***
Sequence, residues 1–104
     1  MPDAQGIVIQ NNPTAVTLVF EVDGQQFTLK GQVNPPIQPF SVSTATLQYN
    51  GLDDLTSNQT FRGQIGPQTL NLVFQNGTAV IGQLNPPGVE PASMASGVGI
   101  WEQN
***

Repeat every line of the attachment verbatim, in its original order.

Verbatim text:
Sequence, residues 1–104
     1  MPDAQGIVIQ NNPTAVTLVF EVDGQQFTLK GQVNPPIQPF SVSTATLQYN
    51  GLDDLTSNQT FRGQIGPQTL NLVFQNGTAV IGQLNPPGVE PASMASGVGI
   101  WEQN